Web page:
by Marc Bastow | January 16, 2013 7:15 am
Corporate layoffs have never been popular among those being laid off, and they sure aren’t making the current unemployment picture rosier anytime soon.
But what about the other side of the equation — the company doing the cutbacks?
Lagging earnings typically are to blame for layoffs. Revenues are difficult to juice at a whim, so many instead try to reduce expenses — by hacking away at personnel — to prop up that bottom line.
But you can’t cut your way to prosperity. Operations can get bloated, and streamlining can produce a healthier company — but for meaningful growth, you eventually have to tackle the big revenue problem.
The following four companies weren’t shy about the cutting in 2012, as they posted record layoffs. But what they’re doing to augment their leaner structures is a little more suspect:
2012 Announced Layoffs: 27,000
Stock Performance Since Announcement: -19%
Back in May 2012, Hewlett-Packard (NYSE:HPQ) dropped the bomb, announcing it would eliminate 27,000 jobs, then adding 2,000 to the cut list for a total of 29,000 jobs expected to be slashed by the end of FY2014.
The goal: Snip more than $3 billion in costs.
HPQ’s stock pretty much tanked through the remainder of the year, but has recently gained some momentum on rumors of a possible investment by Carl Icahn. He’s a smart guy … but you’d think he’d have noticed the year’s worth of steady revenue decline at HP. Meanwhile, the past couple quarters have been hideous on the bottom line thanks to restructuring charges and lousy investments.
With interest in traditional PCs waning every year and virtually no mobile presence to speak of, significant growth at Hewlett-Packard seems unlikely. Cutting expenses makes sense, especially in a bloated company with seemingly no direction. But Hewlett-Packard still needs direction — and a legitimate plan for revenue growth.
2012 Announced Layoffs: 4,700
Stock Performance Since Announcement: -48%
Speaking of direction …
JCPenney (NYSE:JCP) has been a headliner all year, with CEO Ron Johnson trying to bring the once-popular retailer back to glory. Unfortunately, the result still remains a tangled mess.
JCP’s layoffs started with the shop floor in January and then the executive suite in June. Johnson canned almost 5,000 workers first, but later lost one of his newly hired subordinates.
The right-sizing effort is aimed at helping to cut costs while Johnson plows millions in hopes of transforming the stores. So far, he’s 1-for-2. Revenues have been abysmal, with the past three quarters showing contractions of more than 20% each! And it looks like the holiday season didn’t help things, either. Analysts say same-store sales might have declined as much as 30%.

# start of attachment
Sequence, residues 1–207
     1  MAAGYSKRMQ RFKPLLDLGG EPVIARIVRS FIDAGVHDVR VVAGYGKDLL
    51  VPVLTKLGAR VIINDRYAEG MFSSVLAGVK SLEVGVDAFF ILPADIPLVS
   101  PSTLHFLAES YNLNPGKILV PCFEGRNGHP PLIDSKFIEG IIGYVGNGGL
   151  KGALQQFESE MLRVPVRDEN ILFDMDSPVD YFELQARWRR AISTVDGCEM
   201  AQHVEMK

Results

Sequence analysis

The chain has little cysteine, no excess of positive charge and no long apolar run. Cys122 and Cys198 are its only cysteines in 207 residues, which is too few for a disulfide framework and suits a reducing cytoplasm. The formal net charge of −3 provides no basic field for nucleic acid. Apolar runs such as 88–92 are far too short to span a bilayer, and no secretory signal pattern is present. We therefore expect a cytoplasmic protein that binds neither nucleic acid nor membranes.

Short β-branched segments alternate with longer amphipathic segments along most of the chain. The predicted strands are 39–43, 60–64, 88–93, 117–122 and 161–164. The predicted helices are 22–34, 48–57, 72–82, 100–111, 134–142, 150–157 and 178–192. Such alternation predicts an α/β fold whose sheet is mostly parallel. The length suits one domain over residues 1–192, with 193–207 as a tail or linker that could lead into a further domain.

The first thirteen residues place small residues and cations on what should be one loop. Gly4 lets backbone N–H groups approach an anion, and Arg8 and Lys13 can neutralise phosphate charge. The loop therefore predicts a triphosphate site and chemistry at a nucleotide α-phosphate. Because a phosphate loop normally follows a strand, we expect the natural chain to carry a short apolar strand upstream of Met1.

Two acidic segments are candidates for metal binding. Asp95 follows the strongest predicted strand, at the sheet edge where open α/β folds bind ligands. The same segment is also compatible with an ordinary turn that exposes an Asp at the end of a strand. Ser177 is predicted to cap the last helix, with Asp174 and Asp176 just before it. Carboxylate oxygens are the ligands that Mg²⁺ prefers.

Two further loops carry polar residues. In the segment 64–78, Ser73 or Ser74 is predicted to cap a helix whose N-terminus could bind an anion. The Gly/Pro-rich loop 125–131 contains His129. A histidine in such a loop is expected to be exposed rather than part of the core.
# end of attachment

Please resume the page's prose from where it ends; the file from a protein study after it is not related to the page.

Perhaps the only sign of “life” was a slightly narrower overall loss in the third quarter, but that’s a pretty tarnished silver lining. I doubt fewer clerks will be what saves JCP.
2012 Announced Layoffs: 11,000
Stock Performance Since Announcement: +12%
Citigroup (NYSE:C) announced in December that it was cutting 11,000 jobs. Though perhaps the biggest pink slip came earlier in the year — to CEO Vikrim Pandit, who apparently didn’t move quickly enough for the board. I suspect there is more to the story with Pandit, but that same board put noted cost-cutter Michael Corbat in place, and layoffs are on the way.
The layoffs hit what was an important core at Citi: Global consumer banking, as it will reduce operations in Pakistan, Romania, Uruguay and Paraguay in addition to closing 84 branches worldwide.
Because the layoffs were announced only a month ago, it’s hard to gauge their effect. But the Street took immediate notice, juicing Citi shares 6% on Dec. 5.
Closing operations and announcing layoffs isn’t going to help increase revenues, however. Citi’s sales have declined for eight straight quarters, including a 29% drop in the most recent period. Meanwhile, how and where Citi expects to eventually grow is unclear.
2012 Announced Layoffs: 8,700
Stock Performance Since Announcement:+7%
CEO Indra Nooyi must have been under some serious pressure to change the landscape at PepsiCo (NYSE:PEP) when she announced an effort back in February to “optimize operating practices and organization structure” — to the tune of 3% of the company’s work force.
Adjusted earnings have slid the past two quarters — restructuring took its bite, but those lower earnings also came alongside two straight quarters of revenue decline.
That said, the second part of the big initiative announced in February — increased ad spending — is really now starting to get going. Pepsi just announced a huge sponsorship deal with Beyonce, as well as a Super Bowl ad rush with Budweiser parent Anheuser-Busch InBev (NYSE:BUD). Those initiatives to thrust itself back into the spotlight aren’t any guarantee of success, but they’re decent ideas. Between that — and PepsiCo’s broad business and well-known-brands — PEP might have the best forward-looking prospects among these job-cutting companies.
Marc Bastow is an Assistant Editor at InvestorPlace.com. As of this writing, he did not hold a position in any of the aforementioned securities.
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